Charles-Joseph NATOIRE (Nîmes 1700 - Castel Gandolfo 1777)
The Head of a Young Woman
Black, red and white chalk on blue paper.
Laid down on part of a 18th century mount.
Inscribed Natoir on the old mount.
225 x 185 mm. (8 7/8 x 7 1/4 in.)
Delicately drawn in a combination of black, red and white chalks on blue paper, the present sheet depicts a type of female head that is found throughout Charles-Joseph Natoire’s oeuvre as a painter. It would in particular appear to be a preparatory study for the head of a woman riding a donkey in his painting of Travellers Resting by a Fountain, one of a pair of large canvases executed in 1737 for the dining room of Louis XV’s petits appartements at the Château of Fontainebleau, and today in a private collection. The painting was one of a set of six canvases commissioned from Natoire for the King’s private apartments at Fontainebleau, where they remained until 1792. (Lost after the French Revolution, the paintings were only rediscovered some two hundred years later.) A closely-related painting of the same composition of Travellers Resting by a Fountain by Natoire, but horizontal in orientation, is in the Hood Museum of Art at Dartmouth College in Hanover, New Hampshire.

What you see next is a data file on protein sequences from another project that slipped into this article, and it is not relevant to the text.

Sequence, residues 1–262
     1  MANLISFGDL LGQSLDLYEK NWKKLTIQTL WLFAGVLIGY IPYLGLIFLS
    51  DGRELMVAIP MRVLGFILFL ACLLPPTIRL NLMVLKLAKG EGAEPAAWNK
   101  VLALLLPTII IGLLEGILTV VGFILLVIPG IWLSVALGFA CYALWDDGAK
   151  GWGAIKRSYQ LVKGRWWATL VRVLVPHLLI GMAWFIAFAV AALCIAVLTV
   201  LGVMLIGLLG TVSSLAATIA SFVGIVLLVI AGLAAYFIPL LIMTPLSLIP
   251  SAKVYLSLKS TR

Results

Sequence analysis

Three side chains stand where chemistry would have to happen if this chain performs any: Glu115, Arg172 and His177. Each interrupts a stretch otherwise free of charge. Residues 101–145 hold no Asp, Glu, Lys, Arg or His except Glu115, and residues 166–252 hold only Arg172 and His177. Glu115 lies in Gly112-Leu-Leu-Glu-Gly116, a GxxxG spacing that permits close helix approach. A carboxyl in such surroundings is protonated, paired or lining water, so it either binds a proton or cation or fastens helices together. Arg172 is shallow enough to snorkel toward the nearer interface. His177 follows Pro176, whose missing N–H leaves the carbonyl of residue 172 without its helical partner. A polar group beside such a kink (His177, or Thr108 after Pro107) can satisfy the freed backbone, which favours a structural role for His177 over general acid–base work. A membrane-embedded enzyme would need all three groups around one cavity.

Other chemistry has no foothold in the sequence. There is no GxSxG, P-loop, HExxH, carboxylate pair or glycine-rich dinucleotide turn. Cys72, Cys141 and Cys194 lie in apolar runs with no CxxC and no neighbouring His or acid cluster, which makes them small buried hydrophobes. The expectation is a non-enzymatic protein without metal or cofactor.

The only other known preparatory drawing by Natoire for the Travellers Resting by a Fountain is a red chalk study of the entire figure of the woman seated on a donkey, in the Staatsgalerie in Stuttgart. Among stylistically and technically comparable studies by Natoire are drawings of female heads in the collections of the Louvre and the Musée Fabre in Montpellier.
This drawing by Natoire once belonged to the little-known 18th century Parisian architect Claude-Guillaume Debesse (d. before 1786), who is recorded as living on the rue du Chantre in Paris by 1747. A good friend of the engraver Johann Georg Wille, who mentions him a number of times in his posthumously-published memoirs, and also dedicated an engraving to him in 1774, Debesse seems to have been an avid collector of drawings. (He is said to have sold several paintings at auction, so as to devote himself entirely to collecting drawings.) Both Debesse and Wille acquired drawings from the posthumous sale of the collection of the painter François Boucher in 1771, and Debesse is also thought to have made purchases at the sales of the collectors Armand-Frédéric-Ernest Nogaret in 1778 and Antoine-Joseph Dézallier d’Argenville and the Marquis de Calvière in 1779. In January 1786, following Debesse’s death, his collection was dispersed at auction in Paris. Fifty drawings bearing his collector’s mark are today in the Louvre, while other examples are in the Art Institute of Chicago and the Detroit Institute of Arts.
Probably the posthumous vente Natoire, Paris, Hôtel d’Aligre, 14 December 1778 onwards
Claude-Guillaume Debesse, Paris (Lugt 729), his paraphe on the verso
His posthumous sale, Paris, Hôtel de Bullion [Paillet], 12 January 1786, lot 38 or 236.